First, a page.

This book might be for you if you fall into one of two camps: Either you have more than a passing interest in the work and life of Sylvia Plath, or you have more than a passing interest in how archives, particularly literary archives, come to be and what challenges they face. As it turns out, I'm in the former camp, but also found out that learning about archive research and sleuthing itself can be very interesting.
When I thought of "archives," I thought of things like boxes of papers, letters, drafts of literary works, photos, etc. that are settled in places like Smith College and the Lilly Library. In fact, while Crowther and Steinberg researched through the archives, they even found two previously unknown poems of Plath's. Of course, that's correct, but it's a limited interpretation. As authors Crowther and Steinberg detail in this slim but fascinating book, archives are many things, including physical locations that Plath lived at or visited at one time or another (including little Cornucopia, WI); it's items of her clothing, or the cradle she painted for her babies, or the large elm desk her brother and then-husband Ted Hughes built for her.
It's also things like her hair. Yes, her actual hair--not removed from her after her death. Her mother had apparently cut her hair at various points and kept it. (I'm surprised my parents, the functional hoarders, didn't do something like that with me; they did keep all my baby teeth, believe it or not. And no, I did not keep those after they were "gifted" to me.) At first glance, you wouldn't be the first to wonder why things like clothes and hair would be considered literary artifacts. But they are, both in the sense that they were things Plath wrote about, especially in her journals and letters, and in the sense that they help those of us who never met her in real life grasp her physical being, much the same way that a visit to Haworth Parsonage to see the couch Emily Bronte died on and one of Charlotte's dresses give some context to what's only imagined otherwise.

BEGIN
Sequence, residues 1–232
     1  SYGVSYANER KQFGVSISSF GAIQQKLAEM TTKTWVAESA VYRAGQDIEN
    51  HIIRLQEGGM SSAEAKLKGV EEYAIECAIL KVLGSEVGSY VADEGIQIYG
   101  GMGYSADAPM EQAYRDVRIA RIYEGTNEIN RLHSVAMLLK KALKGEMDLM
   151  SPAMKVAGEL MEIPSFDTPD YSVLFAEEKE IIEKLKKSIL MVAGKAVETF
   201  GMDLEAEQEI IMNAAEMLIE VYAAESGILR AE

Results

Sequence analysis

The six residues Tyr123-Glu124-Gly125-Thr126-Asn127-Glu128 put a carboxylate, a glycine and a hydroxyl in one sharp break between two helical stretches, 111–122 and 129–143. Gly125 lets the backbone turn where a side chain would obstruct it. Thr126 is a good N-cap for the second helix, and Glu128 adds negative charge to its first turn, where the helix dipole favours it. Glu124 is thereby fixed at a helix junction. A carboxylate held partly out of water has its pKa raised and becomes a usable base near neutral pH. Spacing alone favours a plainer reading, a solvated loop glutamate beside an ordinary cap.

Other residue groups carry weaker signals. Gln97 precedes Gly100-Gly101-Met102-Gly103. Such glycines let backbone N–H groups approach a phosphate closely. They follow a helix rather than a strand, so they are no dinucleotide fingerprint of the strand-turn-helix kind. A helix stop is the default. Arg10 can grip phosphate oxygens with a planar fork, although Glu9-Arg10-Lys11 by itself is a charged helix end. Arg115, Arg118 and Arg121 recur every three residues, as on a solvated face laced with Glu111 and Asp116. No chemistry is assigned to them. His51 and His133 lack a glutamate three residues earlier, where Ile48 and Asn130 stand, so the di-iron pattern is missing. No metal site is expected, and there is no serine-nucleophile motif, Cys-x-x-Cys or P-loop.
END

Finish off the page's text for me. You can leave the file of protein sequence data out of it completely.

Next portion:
For me, the last two chapters were perhaps the most interesting. Towards the end of her life, Plath edited an anthology of contemporary-to-her American poets. Researching her research and comparing/contrasting her selections against her own work of the time is really enlightening.
The final chapter talks about private and lost archives. Private is a fairly clear concept; there are many people who are Plath fans who have acquired items they keep under wraps. There are also likely things that have been stolen over the years, and obviously thieves aren't going to be likely to publicize that. (In a creepy aside, Plath's daughter Frieda Hughes has written about how her father found people had come to his home--likely on his invitation--and sneaked around to find books where Plath had written her name inside, and cut out the signature. I mean, c'mon, people.)
More intriguing, and what really gets hard-core Plath fans in a stir (yes, that's me) is what's gone missing: Her two last journals and a partial (possibly nearly full) manuscript of a second novel called Double Exposure. Hughes said that he destroyed the last two journals, but there are conflicting accounts of that, including some comments by his sister, Olwyn. Same with the novel. Where did it go? Is the novel and/or the missing journals possibly still in Ted Hughes' archives, the part that is sealed until the next decade? At the time of her death, he had already made money selling his own writings for archive projects, so he had to know how valuable they would be. Would he really have destroyed them, or simply put them where they couldn't be read during his lifetime?
And where did many missing letters go? And other paraphernalia that at one time was known to have existed, but for all practical purposes has disappeared. It's the most ghostly of these ghostly chapters.
Again, a great read if you're a Plath fan and/or interested in the background of archives.